you finger, slightly bent, so that the nail itself is close to parallel
to the surface of the disc. This way the spinning disc will slide on your
nail. Apply a silicon spray lubricant to the disc to further reduce
friction between the disc and your nail. As soon as the disc contacts
flesh, there’s major friction involved, usually leading to loss of spin
and control.

3) Next, connect the above two skills. After you release the disc into
the air, reach up to the disc with your delaying hand and try to make
contact with the disc as close to the time when it is transitioning from
popping up to floating down. The disc is traveling slow at this time.
Spot the center of the disc as it’s above eye level. Keep your finger
kind of springy to absorb the contact of the disc with your finger at
this time and follow the disc’s descent with your arm to slow its further
descent. If you can keep the disc above eye level at this time, you can
continue to spot your finger on the bottom of the disc and track your
centering attempt. Eventually your eye-hand coordination will develop,
allowing you to stabilize the disc below eye level, without seeing your
finger on the bottom of the disc. A clear or translucent disc can also be

4) Finally, make small circular motions with your arm and finger, in the
same direction that the disc is spinning. This motion will help correct
any non-horizontalness of the disc and helps you track to the center of
the disc to maintain the delay. Over time, these motions become so
refined that you will not even realize that you are making them.

Eventually you will replace step 1, with that of a throw from a partner.
Make sure your throwing partner is throwing you the same spin that you
practice with or everything will seem awry. If your partner can make a
hovering throw, again try to make contact with the disc at a point in its
flight where it is transitioning from flight to fall. Let your finger and
arm give with the disc as you receive it, acting as a shock absorber to
slow its momentum to a standstill.

The whole process is learning this eye-hand coordination. Players have
reported different lengths of time to learn the skill from less than a
week to maybe six weeks. A youthful age and athletic tendencies will tend
towards the shorter time. Practice every day for at least fifteen minutes
and you will see results of increasing delay times.

next level you want to attain.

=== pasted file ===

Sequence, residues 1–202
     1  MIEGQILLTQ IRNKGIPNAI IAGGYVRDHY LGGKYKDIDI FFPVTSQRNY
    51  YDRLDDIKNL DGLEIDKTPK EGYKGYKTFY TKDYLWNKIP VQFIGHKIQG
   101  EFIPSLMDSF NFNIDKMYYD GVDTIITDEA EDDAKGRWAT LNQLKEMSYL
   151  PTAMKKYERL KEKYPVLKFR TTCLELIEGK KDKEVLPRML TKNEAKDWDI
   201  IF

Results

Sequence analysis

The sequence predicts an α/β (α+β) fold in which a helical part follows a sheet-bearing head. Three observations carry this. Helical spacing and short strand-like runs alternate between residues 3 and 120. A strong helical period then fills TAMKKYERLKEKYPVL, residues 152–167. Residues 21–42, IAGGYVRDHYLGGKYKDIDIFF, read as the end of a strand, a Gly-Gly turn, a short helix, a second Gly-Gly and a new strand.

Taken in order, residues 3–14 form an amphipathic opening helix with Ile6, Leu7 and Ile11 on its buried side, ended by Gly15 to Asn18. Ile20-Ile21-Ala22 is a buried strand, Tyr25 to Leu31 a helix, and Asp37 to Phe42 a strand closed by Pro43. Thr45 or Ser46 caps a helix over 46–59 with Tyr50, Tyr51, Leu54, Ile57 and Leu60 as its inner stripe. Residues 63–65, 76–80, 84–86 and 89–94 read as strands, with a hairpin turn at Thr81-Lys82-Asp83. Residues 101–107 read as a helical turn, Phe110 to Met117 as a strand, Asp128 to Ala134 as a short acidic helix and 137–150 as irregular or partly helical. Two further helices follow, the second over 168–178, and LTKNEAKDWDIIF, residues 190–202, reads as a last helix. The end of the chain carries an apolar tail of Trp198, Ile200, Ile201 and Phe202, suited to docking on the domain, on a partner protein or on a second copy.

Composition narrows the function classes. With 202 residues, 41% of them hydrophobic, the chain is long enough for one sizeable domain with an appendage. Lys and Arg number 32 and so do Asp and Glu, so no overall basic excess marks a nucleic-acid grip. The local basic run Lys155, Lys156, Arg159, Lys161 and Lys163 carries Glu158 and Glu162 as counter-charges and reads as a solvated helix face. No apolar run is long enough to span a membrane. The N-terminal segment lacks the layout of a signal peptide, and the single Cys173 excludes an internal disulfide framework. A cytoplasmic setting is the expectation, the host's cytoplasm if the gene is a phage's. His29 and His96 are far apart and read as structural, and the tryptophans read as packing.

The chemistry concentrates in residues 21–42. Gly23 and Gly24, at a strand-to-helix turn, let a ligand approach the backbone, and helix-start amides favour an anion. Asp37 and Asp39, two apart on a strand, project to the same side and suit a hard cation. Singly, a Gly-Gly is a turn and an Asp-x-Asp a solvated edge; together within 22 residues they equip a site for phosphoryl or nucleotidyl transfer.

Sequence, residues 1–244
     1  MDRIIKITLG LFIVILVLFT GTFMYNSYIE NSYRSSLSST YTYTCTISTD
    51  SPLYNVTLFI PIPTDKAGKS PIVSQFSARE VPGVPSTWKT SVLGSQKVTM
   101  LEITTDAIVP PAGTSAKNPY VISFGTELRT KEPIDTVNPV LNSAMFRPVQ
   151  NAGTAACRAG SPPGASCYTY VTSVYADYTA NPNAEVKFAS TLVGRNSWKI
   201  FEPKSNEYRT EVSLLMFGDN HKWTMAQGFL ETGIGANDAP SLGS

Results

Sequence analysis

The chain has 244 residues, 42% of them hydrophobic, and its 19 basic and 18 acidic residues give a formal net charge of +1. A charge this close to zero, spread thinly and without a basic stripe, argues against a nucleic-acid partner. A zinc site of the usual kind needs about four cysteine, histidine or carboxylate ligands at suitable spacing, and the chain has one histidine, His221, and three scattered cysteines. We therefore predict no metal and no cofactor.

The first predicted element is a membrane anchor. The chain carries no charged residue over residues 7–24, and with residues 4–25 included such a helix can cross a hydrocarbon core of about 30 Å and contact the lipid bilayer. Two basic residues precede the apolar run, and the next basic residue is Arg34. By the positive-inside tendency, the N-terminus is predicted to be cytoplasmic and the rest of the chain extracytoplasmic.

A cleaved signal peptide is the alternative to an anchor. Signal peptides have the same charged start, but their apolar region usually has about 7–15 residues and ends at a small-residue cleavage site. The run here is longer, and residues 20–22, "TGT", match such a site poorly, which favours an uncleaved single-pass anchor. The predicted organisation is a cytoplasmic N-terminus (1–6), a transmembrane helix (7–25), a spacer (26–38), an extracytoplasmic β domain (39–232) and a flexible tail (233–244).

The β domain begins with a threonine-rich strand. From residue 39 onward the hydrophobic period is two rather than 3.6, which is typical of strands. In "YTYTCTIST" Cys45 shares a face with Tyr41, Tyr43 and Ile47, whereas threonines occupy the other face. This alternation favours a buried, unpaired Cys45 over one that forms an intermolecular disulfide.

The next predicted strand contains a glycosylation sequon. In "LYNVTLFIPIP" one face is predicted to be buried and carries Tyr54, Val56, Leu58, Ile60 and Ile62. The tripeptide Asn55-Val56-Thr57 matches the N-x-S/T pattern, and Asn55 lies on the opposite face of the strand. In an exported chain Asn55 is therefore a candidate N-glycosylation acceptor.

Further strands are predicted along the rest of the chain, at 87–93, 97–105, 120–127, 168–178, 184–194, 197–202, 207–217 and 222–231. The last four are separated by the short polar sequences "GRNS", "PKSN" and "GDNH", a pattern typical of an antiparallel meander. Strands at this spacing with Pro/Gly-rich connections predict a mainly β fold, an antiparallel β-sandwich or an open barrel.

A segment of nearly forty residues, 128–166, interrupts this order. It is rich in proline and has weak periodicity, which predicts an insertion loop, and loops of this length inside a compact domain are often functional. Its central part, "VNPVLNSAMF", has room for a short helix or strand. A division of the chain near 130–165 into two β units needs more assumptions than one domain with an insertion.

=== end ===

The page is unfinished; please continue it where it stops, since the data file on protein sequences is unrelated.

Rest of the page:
And most of all, have fun.

Doug Korns
#beginner

## Tips on Tipping

Written by Dave “Spike” Lewis

Question: What is tipping? Answer: Striking the bottom of the spinning disc with your fingers causing the disc to bounce upward. You can also do an elbow tip, a head tip, a toe tap, heel tip or a knee tip. Today I’ll only be covering tipping using fingers.

When you first start to learn to tip, start tipping above your head. Begin with the two handed self set. Rev the disc up with as much spin as you can generate so the disc lifts up above your head. Look up at the disc and find the center of the disc and as it comes down, give the disc a good pop with the end of your middle finger and ring finger. Hit the disc with the pad of the finger tips. Keep the two fingers nestled together and slightly bent for stability. First try one tip then catch the disc. Then try two tips. Now three. Now go pick the disc up off the ground….OK, now try tipping off of someone’s throw. If the disc comes in high and if lofting on a nice throw try one or two tips then catch the disc. Now go pick the disc up off the ground. If you want to learn a new trick you better get used to doing that.

The basic underhand tip

If you can do a nail delay and you have mastered “the above your head” tip you’re ready to learn the underhand tip at belly level with the palm up. This is more difficult. To find the right spot to tip, clap your hands together at belly level like you were applauding an amazing combo that Tom Leitner did. The spot where your hands meet is the spot where the majority of your tipping should take place regardless of which hand you use. Get the disc on a nail delay with your palm up at the same spot I just suggested that you should tip the disc. Loft the disc up to chest level and as the disc comes back down, with your middle finger and ring finger nestled together and with your palm up, strike the disc with the pad of your finger tips.(not the nail side). Bend or curl your fingers a little bit to create more stability when tipping around belly level. Don’t tip with your fingers straight. I would suggest tipping with alternating hands. One tip with the right, one with the left, one with the right, etc., see if you can keep it going until spin runs out. The more spin on the disc, the easier and more stable the tips will be. Fake nails don’t work well for tips. That’s why I only use a fake nail on my index finger and reserve the middle finger and ring fingers for tipping.

Restricted Tips: Before you try these. Did you stretch??? Always stretch lightly before and after you play… Restricted tips are done under or around the leg or behind the back, and even be behind the brain. The most advanced tipping and the coolest tipping combos use only restricted tips. It takes practice.

List of Restricted tips:

Right hand under left leg.

Right hand under right leg from the inside (called the Figure Four or Grapevine Tip)